Payments made in the account included some of his co-conspirators named publicly in the media. The bank had failed in its legal duties to prevent the facilitation of crime through the financial system.


Example 3: Famous petroleum company fails to pay employees properly

One of the world’s biggest petroleum brands found itself in breach of labor laws after a labor organization in one country investigated and said there was evidence of underpayment of wages as well as non-payment in many of its franchised retail outlets (gas stations). 

In addition, it was found the company threatened to terminate any employees who complained about this. The regulator found that the parent company could not be absolved of responsibility for its franchisors’ actions and found it did not have the appropriate mechanisms in place to ensure the franchisors properly understood what their obligations to employees were.


Example 4: A pharmaceutical company pays bribes to foreign government officials

A pharmaceutical company agreed to pay more than $519 million in both civil and criminal fines and penalties after the Department of Justice and the Securities and Exchange Commission investigated and found it had paid bribes to foreign government officials in order to gain access to new markets for its medications, for more than a decade. The bribery scheme had bought the company more than $200 million in illicit profits during that period of time.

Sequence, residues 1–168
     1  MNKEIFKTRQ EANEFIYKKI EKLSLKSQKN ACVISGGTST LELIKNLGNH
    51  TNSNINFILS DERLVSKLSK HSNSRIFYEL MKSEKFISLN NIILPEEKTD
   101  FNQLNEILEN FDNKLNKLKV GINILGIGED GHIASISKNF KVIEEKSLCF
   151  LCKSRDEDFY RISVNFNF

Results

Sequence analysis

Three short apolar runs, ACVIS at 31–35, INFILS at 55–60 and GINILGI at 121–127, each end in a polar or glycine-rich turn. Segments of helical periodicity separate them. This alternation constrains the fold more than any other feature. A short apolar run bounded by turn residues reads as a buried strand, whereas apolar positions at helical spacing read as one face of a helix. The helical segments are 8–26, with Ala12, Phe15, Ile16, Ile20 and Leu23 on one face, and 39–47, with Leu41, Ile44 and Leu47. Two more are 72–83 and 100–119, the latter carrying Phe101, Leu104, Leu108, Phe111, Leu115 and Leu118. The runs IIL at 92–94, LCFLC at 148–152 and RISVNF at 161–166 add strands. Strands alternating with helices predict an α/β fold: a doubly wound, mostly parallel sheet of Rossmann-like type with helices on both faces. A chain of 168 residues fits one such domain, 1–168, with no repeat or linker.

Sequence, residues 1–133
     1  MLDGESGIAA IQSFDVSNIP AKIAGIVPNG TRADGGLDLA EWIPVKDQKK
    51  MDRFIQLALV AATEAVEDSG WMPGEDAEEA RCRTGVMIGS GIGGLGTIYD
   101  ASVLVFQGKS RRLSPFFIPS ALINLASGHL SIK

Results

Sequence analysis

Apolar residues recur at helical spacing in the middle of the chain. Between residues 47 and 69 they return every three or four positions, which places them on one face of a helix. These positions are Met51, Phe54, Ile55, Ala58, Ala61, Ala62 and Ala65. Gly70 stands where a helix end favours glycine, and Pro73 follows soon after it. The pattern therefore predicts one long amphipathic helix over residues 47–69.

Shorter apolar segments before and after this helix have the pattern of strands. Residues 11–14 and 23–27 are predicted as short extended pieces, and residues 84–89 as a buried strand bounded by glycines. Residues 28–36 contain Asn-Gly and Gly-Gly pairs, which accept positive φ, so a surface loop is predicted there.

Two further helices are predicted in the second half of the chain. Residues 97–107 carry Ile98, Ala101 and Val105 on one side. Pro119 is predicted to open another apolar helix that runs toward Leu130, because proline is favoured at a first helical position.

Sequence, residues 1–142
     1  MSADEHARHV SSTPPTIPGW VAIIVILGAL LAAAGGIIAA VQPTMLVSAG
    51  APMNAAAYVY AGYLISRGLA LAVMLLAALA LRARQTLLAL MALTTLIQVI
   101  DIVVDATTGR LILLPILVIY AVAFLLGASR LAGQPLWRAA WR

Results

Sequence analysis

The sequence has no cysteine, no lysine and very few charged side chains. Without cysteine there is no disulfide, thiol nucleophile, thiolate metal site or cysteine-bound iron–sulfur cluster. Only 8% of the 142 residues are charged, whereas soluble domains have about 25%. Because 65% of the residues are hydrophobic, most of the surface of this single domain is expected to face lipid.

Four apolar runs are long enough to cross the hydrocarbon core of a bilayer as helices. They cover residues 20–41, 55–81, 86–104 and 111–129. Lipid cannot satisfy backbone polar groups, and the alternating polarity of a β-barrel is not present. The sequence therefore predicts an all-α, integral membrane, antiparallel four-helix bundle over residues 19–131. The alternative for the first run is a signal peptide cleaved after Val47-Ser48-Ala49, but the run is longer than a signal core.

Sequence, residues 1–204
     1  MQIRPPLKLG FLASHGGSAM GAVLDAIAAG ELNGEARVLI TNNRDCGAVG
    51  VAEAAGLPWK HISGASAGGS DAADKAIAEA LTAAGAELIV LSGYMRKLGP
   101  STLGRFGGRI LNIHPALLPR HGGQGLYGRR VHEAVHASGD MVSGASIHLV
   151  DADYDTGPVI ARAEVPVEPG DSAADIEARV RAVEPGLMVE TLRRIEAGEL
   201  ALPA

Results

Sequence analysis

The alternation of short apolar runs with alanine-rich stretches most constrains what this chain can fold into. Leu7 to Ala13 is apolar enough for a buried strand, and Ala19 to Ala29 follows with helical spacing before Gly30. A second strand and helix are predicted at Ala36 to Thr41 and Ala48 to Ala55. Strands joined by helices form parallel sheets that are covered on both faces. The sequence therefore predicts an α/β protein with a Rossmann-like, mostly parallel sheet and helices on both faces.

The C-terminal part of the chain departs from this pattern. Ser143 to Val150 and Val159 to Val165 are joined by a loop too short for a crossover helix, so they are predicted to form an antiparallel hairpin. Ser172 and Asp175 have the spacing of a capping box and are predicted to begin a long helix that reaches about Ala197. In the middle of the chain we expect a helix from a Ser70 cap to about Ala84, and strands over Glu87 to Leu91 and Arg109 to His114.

As a result the company said it had overhauled its internal governance and appointed a global head of compliance to ensure this did not happen again.



A corporate ethics and compliance program will help gain the trust of your workforce, your stakeholders, and the public and ensure that you stay on the right side of the law. Having due diligence and a corporate culture that promotes good governance will take your organization from strength to strength.